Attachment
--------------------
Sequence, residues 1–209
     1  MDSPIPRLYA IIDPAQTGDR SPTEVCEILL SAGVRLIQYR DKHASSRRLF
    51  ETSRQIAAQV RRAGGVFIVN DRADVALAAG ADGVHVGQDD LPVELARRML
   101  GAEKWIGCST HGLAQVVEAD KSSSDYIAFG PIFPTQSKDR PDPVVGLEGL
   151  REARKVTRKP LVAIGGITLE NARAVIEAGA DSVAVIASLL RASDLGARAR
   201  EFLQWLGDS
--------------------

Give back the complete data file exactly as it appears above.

Sequence, residues 1–209
     1  MDSPIPRLYA IIDPAQTGDR SPTEVCEILL SAGVRLIQYR DKHASSRRLF
    51  ETSRQIAAQV RRAGGVFIVN DRADVALAAG ADGVHVGQDD LPVELARRML
   101  GAEKWIGCST HGLAQVVEAD KSSSDYIAFG PIFPTQSKDR PDPVVGLEGL
   151  REARKVTRKP LVAIGGITLE NARAVIEAGA DSVAVIASLL RASDLGARAR
   201  EFLQWLGDS